Originally Posted by Mfusick
I'm mostly talking speakers, the room dominates the discussion for bass. I don't see a problem with sub measuements as much because with subs you don't worry about off axis performance or total sound power. Speaker measurements and room design andtreatment kind of go hand in hand
Originally Posted by Mfusick
Since you’re so interested in “off axis performance or total sound power”, I’m surprised you posted this data but I’ll go ahead and use this data as an example to explain some basic physics as it applies to audio.
If you look at the Beamwidth graph (top, right, mislabeled “Bandwidth”) than you’ll see there are some interesting things going on. The vertical directivity goes all the way down to 45ish degrees at about 630hz (crossover point of the active versions).This is because of the distance between the acoustical centers of the horn and the woofers. The lower woofer’s center is probably near 36 inches away from the center of the horn. Passive this will cause a downward tilting lobe. Plus loss in intelligibility due to smearing that occurs from the multiple sound arrivals, sound from the top woofer followed by sound from the lower woofer. If you were to put a microphone 1m in front of the speaker and centered on the horn than this is easy to see in a “group delay” measurement, woofers being milliseconds behind the horn. You could tri amp the cabinet and use DSP to delay the drivers and get a good on axis response however the off axis isn’t fixable.
Here is the group delay of the 2014 Noesis 228HT (2015 even better yet) with the microphone 1m away and centered on the horn:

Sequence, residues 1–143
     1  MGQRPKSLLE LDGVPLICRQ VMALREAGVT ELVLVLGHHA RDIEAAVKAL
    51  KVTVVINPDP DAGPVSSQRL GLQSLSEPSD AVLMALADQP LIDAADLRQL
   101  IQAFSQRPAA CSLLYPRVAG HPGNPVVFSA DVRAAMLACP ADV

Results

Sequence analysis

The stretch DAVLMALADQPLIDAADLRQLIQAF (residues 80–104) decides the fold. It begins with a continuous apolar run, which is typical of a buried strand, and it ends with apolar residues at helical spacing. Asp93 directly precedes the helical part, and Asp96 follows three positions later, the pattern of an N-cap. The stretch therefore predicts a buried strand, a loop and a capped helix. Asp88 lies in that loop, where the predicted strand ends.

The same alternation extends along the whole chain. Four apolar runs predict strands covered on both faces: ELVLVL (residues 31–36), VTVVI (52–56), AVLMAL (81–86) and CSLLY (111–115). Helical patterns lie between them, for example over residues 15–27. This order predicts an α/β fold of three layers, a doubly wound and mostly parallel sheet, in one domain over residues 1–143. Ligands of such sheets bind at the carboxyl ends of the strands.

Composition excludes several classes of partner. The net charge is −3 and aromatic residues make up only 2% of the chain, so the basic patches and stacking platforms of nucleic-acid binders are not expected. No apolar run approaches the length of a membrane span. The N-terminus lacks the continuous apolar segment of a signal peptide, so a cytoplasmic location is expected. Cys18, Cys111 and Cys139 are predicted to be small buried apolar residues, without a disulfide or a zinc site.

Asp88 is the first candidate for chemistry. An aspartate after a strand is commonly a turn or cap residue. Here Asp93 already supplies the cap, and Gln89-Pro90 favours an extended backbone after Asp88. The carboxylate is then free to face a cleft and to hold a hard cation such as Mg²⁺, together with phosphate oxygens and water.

Back to the beamwidth graph. Then within the horn’s frequency range the directivity in the vertical shoots up to 80 degrees while the horizontal remains normal. This is because this horn losses its directivity in the vertical axis much sooner than in the horizontal. This happens because this is an asymmetrical horn (rectangle). If you measure the distance from this horn’s throat to the center of the month on the vertical (top or bottom) and then measure the distance from the horn’s throat to the center of the month on the horizontal (left or right) than you’ll notice the that the horn is longer in the horizontal plane. This causes the horn to have more directivity in the horizontal.
The horn’s we use have symmetrical months plus we use much lower crossover points for the best off axis and power response.
Originally Posted by Mark Seaton
With speaker measurements it isn't usually a matter of fabricated curves, but rather omission of measurement conditions and details. Measurement axis, distance, acoustic conditions, gating and of course smoothing all are factors. Was any processing/EQ used in the measurement? It's actually fairly tedious to simply "generate" a curve that looks real apart from manually editing 1-2peaks or dips. Most of the graphic manipulation comes from a fat marker/lineweight and compression of the vertical axis. Beware those 10-20dB/division graphs!
Where the microphone is relative to the speaker is extremely important (centered on the horn or the cabinet or ???) but never listed.